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Sustaining Life on Long-Term Crewed Missions Will Require Planetary Resources

Researcher Fransua Thomas checks the test soil for consistency before measuring excavation forces.
Researcher Fransua Thomas checks the test soil for consistency before measuring excavation forces.
Credits: NASA

When astronauts live and work on the Moon, they will need access to life-sustaining oxygen, water and other resources. On the Moon, and eventually Mars, they could collect local resources on the surface and transform them into breathable air; water for drinking, hygiene, and farming; rocket propellants and more.  It’s a practice called in-situ resource utilization (ISRU).

In order to develop the best ways to find and use resources on the Moon, NASA Glenn Research Center in Cleveland created an Excavation Laboratory to explore effective ISRU methods using an Advanced Planetary Excavator robotic arm along with a shaker table and soil bins.

Using simulants of lunar soil, called regolith, researchers are testing excavation techniques and trying to understand how the digging process on Earth is different from the Moon or Mars.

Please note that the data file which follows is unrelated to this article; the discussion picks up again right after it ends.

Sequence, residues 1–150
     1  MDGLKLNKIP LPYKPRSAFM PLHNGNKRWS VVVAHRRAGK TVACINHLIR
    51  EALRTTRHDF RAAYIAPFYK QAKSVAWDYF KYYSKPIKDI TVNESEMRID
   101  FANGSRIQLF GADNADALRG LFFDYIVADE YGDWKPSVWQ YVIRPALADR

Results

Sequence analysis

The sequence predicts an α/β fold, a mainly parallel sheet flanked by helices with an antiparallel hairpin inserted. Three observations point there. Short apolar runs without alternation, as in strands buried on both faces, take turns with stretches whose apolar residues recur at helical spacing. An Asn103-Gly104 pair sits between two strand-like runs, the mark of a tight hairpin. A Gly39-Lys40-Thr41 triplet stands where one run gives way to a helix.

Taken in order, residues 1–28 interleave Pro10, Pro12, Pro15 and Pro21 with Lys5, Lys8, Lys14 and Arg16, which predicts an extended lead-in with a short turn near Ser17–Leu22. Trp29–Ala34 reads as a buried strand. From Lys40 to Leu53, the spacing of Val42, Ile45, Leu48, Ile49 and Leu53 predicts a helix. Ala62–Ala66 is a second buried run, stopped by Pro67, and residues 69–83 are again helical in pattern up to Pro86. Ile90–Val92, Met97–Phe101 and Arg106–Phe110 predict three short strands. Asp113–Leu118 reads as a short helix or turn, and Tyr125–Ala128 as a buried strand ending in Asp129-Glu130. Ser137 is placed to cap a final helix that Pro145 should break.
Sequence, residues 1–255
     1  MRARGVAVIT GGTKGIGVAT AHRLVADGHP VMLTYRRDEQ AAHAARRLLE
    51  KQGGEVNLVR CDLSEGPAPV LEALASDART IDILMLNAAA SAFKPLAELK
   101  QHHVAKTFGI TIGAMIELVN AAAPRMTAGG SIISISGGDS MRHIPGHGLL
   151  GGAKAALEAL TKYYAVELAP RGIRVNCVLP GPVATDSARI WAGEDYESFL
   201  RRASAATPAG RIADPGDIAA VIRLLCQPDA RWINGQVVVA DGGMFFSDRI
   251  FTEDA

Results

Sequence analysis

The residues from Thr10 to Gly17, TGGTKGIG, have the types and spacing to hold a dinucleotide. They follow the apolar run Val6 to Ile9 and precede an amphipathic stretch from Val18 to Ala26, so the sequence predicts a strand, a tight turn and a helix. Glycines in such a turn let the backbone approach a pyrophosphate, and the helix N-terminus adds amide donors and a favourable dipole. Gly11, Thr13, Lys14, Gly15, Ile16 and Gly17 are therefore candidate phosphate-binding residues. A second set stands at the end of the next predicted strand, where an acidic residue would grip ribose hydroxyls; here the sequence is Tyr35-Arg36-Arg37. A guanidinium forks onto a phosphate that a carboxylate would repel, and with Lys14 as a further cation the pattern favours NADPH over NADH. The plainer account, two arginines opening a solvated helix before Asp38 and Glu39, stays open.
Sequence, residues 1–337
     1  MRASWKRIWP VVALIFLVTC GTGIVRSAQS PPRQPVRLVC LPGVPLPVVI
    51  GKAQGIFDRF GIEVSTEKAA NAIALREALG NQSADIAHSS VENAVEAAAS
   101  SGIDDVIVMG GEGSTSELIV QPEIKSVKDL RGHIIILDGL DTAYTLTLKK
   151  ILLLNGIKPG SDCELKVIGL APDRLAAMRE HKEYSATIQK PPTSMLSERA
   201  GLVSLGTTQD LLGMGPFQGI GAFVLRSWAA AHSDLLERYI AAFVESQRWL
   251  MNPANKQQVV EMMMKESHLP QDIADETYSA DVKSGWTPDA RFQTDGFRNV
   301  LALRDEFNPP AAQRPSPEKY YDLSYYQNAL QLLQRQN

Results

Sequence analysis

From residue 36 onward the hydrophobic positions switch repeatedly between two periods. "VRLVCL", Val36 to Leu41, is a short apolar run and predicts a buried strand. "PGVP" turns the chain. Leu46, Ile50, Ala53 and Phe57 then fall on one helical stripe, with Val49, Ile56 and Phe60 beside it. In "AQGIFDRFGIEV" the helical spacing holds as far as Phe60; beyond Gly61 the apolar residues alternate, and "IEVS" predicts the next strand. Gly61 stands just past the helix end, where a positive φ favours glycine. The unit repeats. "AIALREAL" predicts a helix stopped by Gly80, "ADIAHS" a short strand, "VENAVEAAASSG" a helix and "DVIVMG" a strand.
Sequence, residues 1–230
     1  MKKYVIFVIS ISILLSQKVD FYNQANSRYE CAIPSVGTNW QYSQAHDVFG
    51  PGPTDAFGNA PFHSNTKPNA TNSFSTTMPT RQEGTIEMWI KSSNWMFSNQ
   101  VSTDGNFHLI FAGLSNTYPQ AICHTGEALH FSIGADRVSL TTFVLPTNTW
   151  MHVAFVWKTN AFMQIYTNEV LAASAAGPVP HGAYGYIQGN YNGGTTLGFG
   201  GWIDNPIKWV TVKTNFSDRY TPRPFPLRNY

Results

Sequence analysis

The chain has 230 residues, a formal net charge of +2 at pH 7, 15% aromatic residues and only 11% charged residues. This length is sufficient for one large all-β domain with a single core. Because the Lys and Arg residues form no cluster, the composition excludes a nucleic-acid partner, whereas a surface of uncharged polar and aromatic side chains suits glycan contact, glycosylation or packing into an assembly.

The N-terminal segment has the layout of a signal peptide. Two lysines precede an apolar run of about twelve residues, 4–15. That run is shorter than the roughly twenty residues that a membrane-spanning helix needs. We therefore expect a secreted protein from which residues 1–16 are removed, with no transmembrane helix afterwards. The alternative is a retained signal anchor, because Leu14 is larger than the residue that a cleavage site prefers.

“When we dig a hole into soil on Earth, we have plenty of weight, due to gravity, to put behind the shovel,” explains Phil Abel, a team manager for the Excavation Lab.  “On the Moon or Mars, we may not have the ability to put as much weight behind the shovel to dig effectively due to low gravity and the requirement to design light-weight machines for launch from Earth.”

In addition to measuring the forces of excavation, researchers are also examining how to reduce those forces in order to reduce the necessary amount of vehicle traction.

Since astronauts will be living in space for longer and longer periods of time, carrying all the water, oxygen and rocket propellants needed to sustain life is not practical or affordable. 

ISRU could reduce the mass and cost of launching products that are needed to sustain the crew. It could also help power outposts or refuel space vehicles. These critical supplies would be derived from space resources such as the carbon dioxide-rich Martian atmosphere and water on the Moon, Mars and asteroids.

As human space exploration evolves toward longer journeys farther from our home planet, ISRU will become increasingly important.

“We’re excited about this ISRU activity,” Abel said.  “This will lead us into the next stages of exploration as we go forward to the Moon and eventually Mars.”